‘Nice lamp…Would you like to go on a date with me?’
In the space of 6 short minutes, Samuel Abrahams’ film beautifully captures the romantic intricacies attached to the old-school ways of dating, making us question whether dating technology has taken a large chunk out of traditional romance?
Offline Dating is an endearing, romantic and heartwarming short-film documenting the whimsical attempts of the protagonist Tom to ask a girl out on a date completely offline. The film attempts to topple the recently manifested view that asking a girl out in the middle of the street is ‘taboo’.
In fact, in an interview with Vimeo, Abrahams said that the film was an attempt to show “the difference between the ‘us’ we present online and the ‘us’ that exists in real life.” As Tom is rejected time and time again, started on by a boyfriend and lulled into exposing a sense of his endearing vulnerability, the optimism of Abrahams as a filmmaker shines through – it is not an attack of online dating, but more a plea for a return to the fun nuances associated with face to face interaction.
Not only is the concept of this film superb, but the way in which it is shot and edited should be a lesson to all prospective filmmakers. The observational point of view coupled with the fact that the camera is constantly moving, pulling in and out of focus but maintaining smooth tracking shots, creates beautifully shot sequences. During the 6 minute film, the camera compliments Tom’s charming efforts as it doesn’t force interaction with the people it is filming. Instead, Abrahams naturally captures the small gestures and heartwarming intimacies that all contribute to making this film authentic, funny and inspiring.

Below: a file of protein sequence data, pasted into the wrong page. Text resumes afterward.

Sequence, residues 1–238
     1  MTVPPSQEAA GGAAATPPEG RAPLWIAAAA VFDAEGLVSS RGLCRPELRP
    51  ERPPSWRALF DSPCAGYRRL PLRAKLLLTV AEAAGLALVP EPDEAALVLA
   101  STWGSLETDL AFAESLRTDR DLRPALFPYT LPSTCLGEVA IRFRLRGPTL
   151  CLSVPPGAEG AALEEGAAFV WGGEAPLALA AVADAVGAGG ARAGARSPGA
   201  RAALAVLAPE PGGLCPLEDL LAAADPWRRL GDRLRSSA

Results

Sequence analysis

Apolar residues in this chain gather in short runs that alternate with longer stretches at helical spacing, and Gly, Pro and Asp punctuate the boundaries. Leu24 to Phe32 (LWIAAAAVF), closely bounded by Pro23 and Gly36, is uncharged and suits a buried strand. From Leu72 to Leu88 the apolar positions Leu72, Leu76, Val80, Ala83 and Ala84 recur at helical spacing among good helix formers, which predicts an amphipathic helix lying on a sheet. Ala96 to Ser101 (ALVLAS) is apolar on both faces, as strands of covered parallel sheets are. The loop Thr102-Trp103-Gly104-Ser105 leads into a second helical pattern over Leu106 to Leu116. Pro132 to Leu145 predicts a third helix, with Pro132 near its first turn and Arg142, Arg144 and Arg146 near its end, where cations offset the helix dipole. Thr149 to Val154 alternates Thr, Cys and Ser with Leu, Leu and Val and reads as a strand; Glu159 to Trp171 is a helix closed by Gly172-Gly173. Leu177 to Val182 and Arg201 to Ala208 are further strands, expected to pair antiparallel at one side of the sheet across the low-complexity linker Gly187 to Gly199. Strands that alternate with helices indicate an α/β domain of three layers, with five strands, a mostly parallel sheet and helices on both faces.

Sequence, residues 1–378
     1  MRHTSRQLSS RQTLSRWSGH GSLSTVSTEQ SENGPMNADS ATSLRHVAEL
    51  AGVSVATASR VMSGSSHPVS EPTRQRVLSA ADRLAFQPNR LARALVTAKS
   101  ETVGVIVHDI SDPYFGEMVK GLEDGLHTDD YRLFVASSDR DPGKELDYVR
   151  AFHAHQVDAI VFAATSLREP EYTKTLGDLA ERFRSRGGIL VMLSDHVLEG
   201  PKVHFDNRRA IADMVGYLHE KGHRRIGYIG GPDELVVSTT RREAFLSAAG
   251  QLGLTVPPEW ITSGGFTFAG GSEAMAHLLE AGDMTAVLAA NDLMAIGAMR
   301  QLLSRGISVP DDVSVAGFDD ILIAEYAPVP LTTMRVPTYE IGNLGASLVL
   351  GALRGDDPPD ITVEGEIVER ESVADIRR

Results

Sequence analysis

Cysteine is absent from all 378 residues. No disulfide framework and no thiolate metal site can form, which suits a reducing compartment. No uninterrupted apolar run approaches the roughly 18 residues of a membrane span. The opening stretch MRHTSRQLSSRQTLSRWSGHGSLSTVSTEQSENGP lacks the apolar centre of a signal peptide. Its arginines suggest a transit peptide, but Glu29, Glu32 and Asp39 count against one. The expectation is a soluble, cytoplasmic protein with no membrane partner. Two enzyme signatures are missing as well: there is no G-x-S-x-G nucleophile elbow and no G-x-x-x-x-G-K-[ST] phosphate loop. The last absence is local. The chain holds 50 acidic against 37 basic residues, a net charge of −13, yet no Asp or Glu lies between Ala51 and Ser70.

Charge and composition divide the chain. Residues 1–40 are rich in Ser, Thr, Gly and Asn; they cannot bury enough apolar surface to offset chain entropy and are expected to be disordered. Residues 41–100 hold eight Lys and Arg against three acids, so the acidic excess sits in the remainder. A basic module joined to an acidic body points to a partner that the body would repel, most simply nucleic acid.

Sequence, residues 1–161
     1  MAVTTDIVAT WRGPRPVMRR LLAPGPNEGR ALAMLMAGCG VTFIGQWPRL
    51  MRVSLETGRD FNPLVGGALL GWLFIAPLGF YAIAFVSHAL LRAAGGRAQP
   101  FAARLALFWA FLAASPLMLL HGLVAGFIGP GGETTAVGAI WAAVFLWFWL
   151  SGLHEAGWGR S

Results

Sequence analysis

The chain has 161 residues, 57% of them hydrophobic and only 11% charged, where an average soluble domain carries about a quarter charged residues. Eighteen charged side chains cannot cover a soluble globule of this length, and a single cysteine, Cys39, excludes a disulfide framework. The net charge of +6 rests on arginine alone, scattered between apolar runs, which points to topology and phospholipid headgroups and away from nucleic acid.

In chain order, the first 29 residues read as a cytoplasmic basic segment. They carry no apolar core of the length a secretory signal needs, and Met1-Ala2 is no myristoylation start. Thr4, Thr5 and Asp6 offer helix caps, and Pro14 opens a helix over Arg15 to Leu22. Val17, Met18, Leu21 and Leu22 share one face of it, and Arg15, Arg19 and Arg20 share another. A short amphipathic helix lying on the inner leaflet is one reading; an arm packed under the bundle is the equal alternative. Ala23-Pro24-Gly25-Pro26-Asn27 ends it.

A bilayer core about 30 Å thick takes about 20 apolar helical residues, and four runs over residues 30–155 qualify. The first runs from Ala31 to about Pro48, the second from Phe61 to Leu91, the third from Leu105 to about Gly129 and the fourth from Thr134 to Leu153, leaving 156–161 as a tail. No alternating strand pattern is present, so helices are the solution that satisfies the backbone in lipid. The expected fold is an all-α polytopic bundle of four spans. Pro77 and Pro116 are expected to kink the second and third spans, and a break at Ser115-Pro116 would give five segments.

Although a film itself, Offline Dating demonstrates how these romantic stories don’t just happen in fictional films. This just might be the film that cultivates a returned wave of actual romantic gestures through real encounters…and a movement away from creepy GPS systems and misogynistic messages over a phone.
You can see the film below: